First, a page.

A woman named Madame Hermet was known for her beauty and charm. She was a widow with a son, whom she loved dearly. As she aged, she became increasingly obsessed with preserving her beauty and spent hours examining her face in the mirror, fearing the inevitable signs of aging.
One day, her son fell ill with a mysterious fever. Madame Hermet was so consumed with her own vanity that she only visited him briefly in the mornings and evenings. Eventually, the boy was diagnosed with smallpox, and Madame Hermet became terrified of contracting the disease herself. She locked herself in her room, filling it with disinfectants and praying for her beauty to be preserved.
As her son's condition worsened, he desperately wanted to see his mother. Despite the pleas of the boy's tutor and the doctor, Madame Hermet refused to visit her son, fearing the risk of infection.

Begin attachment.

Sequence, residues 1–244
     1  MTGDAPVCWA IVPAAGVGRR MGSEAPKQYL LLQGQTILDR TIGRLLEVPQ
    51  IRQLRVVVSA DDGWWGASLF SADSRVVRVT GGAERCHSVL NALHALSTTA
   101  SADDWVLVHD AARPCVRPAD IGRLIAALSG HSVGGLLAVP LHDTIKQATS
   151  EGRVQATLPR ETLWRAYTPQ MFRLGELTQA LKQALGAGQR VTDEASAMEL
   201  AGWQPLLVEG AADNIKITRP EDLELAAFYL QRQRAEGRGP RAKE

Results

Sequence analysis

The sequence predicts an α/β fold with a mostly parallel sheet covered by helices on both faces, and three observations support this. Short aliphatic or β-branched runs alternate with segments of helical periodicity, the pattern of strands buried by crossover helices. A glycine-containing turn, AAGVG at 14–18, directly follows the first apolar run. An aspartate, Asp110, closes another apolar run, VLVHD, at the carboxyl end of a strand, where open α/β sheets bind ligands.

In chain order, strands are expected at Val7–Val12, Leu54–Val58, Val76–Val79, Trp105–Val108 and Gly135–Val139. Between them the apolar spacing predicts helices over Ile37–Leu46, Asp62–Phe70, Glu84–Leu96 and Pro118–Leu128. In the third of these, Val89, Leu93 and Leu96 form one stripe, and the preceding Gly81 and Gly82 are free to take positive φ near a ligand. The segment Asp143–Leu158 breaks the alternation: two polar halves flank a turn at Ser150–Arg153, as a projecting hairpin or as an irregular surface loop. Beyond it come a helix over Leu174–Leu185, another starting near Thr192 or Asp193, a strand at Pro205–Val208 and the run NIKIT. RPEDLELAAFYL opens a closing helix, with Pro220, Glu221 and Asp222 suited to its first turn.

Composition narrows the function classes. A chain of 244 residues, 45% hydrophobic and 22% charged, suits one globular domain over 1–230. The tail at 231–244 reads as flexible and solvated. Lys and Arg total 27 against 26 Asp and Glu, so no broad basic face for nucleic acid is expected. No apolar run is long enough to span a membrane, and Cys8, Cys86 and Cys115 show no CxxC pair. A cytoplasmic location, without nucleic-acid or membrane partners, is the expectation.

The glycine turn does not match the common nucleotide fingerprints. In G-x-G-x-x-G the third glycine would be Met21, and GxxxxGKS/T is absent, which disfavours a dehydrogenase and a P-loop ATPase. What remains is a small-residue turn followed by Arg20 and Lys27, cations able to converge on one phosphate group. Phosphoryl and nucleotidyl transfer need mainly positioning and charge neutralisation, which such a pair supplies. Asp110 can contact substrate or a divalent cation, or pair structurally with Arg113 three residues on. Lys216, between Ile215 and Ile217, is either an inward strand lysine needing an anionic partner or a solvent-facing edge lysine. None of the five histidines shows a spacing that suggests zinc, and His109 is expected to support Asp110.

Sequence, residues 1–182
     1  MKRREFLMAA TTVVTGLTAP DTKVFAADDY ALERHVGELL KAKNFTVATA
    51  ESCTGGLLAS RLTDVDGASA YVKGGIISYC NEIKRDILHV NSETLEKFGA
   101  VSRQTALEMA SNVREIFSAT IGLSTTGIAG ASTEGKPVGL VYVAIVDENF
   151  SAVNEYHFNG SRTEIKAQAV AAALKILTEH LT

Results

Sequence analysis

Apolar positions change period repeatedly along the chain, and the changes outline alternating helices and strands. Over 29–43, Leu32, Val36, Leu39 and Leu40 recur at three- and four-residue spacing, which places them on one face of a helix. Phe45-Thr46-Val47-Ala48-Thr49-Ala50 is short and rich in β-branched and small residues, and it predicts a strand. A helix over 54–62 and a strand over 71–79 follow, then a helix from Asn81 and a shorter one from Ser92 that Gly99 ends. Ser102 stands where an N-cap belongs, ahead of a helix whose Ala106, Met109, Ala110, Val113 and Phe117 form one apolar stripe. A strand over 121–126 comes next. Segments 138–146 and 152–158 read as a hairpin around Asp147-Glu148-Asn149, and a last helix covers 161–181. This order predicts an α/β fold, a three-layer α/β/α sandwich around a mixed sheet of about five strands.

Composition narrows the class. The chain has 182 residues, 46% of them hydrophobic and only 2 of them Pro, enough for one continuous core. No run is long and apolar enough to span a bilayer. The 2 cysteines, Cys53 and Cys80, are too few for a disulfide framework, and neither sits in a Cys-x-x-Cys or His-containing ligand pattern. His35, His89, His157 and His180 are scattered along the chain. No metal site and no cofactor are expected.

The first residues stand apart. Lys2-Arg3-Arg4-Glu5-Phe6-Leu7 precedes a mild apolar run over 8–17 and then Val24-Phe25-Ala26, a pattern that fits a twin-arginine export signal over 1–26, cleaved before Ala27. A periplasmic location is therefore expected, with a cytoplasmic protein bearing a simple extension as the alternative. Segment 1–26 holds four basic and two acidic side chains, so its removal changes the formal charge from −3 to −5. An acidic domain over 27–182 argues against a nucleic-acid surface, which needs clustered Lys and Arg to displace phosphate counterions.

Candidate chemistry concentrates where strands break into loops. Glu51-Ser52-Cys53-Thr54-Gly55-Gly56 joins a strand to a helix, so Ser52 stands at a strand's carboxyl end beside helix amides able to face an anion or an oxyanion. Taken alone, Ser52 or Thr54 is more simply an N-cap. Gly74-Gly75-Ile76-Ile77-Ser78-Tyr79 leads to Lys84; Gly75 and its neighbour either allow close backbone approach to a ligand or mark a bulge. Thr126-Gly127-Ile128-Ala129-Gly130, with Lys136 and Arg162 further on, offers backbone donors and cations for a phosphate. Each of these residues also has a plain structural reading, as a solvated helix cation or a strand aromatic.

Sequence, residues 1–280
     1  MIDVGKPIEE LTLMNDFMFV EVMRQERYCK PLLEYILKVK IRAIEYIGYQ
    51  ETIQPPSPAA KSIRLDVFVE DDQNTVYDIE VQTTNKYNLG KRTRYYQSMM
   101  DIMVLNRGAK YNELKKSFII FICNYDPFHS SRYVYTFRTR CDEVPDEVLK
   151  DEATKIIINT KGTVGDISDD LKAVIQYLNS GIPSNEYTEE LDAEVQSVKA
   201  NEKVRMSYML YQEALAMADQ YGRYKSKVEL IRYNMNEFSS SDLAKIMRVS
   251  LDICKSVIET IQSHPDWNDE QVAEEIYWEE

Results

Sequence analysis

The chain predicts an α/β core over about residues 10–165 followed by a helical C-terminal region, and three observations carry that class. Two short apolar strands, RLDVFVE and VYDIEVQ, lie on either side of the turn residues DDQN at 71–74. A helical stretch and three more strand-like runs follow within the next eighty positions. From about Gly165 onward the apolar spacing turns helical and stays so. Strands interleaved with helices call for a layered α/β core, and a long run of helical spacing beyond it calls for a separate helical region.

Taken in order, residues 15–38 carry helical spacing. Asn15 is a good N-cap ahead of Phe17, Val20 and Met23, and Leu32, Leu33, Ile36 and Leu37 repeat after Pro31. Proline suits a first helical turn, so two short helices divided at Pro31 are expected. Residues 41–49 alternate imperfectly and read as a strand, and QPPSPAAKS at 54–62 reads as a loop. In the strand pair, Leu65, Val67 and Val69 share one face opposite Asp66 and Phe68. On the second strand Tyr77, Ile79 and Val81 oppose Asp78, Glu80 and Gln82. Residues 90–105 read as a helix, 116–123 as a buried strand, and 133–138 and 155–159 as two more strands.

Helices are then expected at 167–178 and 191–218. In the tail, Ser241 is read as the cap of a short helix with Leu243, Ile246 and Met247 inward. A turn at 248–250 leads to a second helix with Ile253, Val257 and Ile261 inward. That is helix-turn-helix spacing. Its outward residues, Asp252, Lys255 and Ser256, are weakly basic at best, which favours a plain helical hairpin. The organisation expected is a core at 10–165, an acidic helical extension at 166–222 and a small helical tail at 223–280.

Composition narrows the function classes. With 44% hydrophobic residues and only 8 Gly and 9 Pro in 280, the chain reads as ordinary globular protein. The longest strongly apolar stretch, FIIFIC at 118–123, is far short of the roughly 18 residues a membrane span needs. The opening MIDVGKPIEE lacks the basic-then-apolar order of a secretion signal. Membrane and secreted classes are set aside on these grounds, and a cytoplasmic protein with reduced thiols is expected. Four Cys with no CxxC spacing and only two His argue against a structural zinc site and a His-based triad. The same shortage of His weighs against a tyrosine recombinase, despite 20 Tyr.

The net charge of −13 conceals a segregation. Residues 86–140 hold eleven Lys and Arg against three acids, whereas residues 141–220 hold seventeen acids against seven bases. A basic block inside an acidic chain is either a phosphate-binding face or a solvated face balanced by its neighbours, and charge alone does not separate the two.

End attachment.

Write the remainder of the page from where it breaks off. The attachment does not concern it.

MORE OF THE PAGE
The boy, sensing his impending death, asked if his mother could at least come to his window so he could see her one last time.
If she is afraid to come in, just beg her to come along the balcony as far as my window so that at least I can see her and say goodbye to her by a look.
Madame Hermet reluctantly agreed, but when she reached the balcony, she was overcome with shame and fear. She refused to look at her dying son and clung to the balcony, wailing in despair. The boy waited for his mother's face until night fell, but she never came. He turned his face to the wall and died the next morning.
Following her son's death, Madame Hermet went mad, believing her face was disfigured by smallpox scars. She spent her days in an asylum, constantly examining her face in a mirror and lamenting her lost beauty.